How to Negotiate an Oil + Gas Lease

by Caron C. Loffland on December 12, 2017

Negotiating-Lease-Post.jpgOklahoma is one of the greatest producers of oil and gas in the nation. For generations, many Oklahomans have profited as owners of mineral interests, whether by active investment or inheritance.

For the mineral owner, maximizing that profit can hinge upon understanding and negotiating favorable terms in an oil and gas lease.

 

The Purpose of an Oil + Gas Lease

Prior to the drilling of an oil and gas well, an Operator must account for every mineral owner’s interest in the proposed unit in order to determine how the proceeds of a potentially successful well may be paid. For a mineral owner, their interest in a well will be determined by the number of mineral acres they own and the terms agreed upon in an oil and gas lease. 

By negotiating a favorable oil and gas lease, mineral owners can retain greater control over their interest and investment and avoid being force pooled by the oil and gas operator.

 

Navigating the Oil + Gas Lease

The oil and gas lease is, essentially, a contract between the mineral interest owner (“Lessor”) and another party (“Lessee”), in which the mineral owner grants the Lessee the exclusive rights to drill and produce oil, gas, and other minerals from the land in exchange for certain terms and payments.

While there are certainly terms included in the modern day oil and gas lease that are considered typical, not every lease is the same and the mineral interest owner should be aware that many terms are negotiable. Successfully negotiating these terms can increase one’s short term and long term profits.

Here are just a few of the negotiable terms to consider before signing an oil and gas lease:

Bonus and Royalty

  • A bonus is cash paid up front to the Lessor and is based on a dollar amount per mineral acre. The amount of the bonus may depend upon the level of exploration and production in the area.
  • The royalty clause provides the interest that will be paid to the Lessor for their share of any production from a well, in proportion to their acreage in the unit. The royalty offered under an oil and gas lease typically ranges between 1/8 and 1/4.
  • Also, a Lessor may want to negotiate a lower bonus up front in exchange for a higher royalty payment or vice versa, depending upon their immediate cash needs and the potential for future profit.

 

Duration of the Lease

  • The duration of an oil and gas lease is generally defined by two terms. The “Primary Term” establishes the initial length of time the lease remains in effect. This term is typically between 1 and 5 years.
  • In addition to the Primary Term, an oil and gas lease has a provision for a “Secondary Term,” which establishes that, if drilling operations and oil and gas production are commenced prior to the expiration of the Primary Term, the lease shall remain in effect as long thereafter as oil or gas is produced.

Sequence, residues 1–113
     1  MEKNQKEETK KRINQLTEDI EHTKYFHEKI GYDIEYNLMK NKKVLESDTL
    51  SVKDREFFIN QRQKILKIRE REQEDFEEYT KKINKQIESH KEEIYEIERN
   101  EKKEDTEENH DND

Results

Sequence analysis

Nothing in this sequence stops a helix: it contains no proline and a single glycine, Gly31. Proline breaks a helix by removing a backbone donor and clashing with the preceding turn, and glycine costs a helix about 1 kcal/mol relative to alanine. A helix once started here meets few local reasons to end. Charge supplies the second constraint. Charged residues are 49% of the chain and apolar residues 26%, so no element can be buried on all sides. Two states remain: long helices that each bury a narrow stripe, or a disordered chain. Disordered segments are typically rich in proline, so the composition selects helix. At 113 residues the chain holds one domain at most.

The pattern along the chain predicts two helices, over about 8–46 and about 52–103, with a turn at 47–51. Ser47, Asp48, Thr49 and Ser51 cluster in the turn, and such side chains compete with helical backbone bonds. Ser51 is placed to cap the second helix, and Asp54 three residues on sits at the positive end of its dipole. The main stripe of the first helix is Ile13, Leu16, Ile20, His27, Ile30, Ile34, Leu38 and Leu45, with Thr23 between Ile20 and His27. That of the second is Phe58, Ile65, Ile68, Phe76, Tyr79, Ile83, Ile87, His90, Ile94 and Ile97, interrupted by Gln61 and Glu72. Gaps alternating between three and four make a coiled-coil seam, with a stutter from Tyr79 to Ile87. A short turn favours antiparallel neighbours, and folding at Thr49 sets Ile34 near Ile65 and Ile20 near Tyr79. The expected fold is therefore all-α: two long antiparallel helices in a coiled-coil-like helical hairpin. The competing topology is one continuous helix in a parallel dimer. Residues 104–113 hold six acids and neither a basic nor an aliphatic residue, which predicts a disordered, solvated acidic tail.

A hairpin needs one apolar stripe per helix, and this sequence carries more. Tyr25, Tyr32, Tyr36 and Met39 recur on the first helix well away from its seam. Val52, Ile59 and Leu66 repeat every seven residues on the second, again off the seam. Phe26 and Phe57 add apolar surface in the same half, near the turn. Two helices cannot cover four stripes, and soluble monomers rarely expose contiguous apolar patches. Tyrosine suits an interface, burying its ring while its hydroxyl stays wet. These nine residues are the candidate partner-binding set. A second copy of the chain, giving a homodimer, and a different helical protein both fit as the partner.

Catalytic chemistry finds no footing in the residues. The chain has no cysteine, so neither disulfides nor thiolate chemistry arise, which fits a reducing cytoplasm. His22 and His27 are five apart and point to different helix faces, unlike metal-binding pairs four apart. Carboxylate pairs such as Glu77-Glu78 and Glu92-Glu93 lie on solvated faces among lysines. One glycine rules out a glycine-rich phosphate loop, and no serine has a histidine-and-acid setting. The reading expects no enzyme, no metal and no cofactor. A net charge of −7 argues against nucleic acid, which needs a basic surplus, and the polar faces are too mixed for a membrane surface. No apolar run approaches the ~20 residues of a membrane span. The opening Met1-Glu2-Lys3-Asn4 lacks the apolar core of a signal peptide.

Warranty Clause

  • An oil and gas lease may contain a warranty clause, which means the Lessor is, in essence, providing a guarantee with regard to the mineral interest being leased.
  • Under the terms of a warranty, if it is later discovered that the Lessor actually owns less acreage than originally paid for, the Lessor could be responsible for paying the Lessee back for the difference. If you are unsure about the exact acreage and/or marketable title of your mineral interest, you may want to negotiate an oil and gas lease that does not provide a warranty.

 

Depth Clause

  • A Lessor can negotiate to include a depth clause in an oil and gas lease which will limit the Lessee from holding certain non-producing mineral interests beyond the Primary Term of the lease, even if production is obtained.
  • A depth clause will typically contain language that mandates the lease shall expire at the end of the primary term as to all depths below the deepest producing formation from any well drilled during the primary term of the lease.
  • Including a depth clause can be very beneficial to the Lessor because it opens up the opportunity to re-lease deeper mineral rights that aren’t producing under the terms of the initial lease.

Conclusion

Like any contract, it is important to understand what you are agreeing to before signing an oil and gas lease. A title attorney can help navigate and negotiate the complex terms of an oil and gas lease, help determine the level of exploration and production of oil and gas in the proposed area, and can also help ensure that you have marketable title for your mineral interest in order to maximize your potential profit.

Are you a mineral owner facing an oil and gas lease negotiation? Are you an operator looking for industry leading help on Oil and Gas Title Examinations? Call our offices today at 405-701-5355.

 

Topics: Caron Loffland, Oil, Gas, + Energy, Oil + Gas Title Examination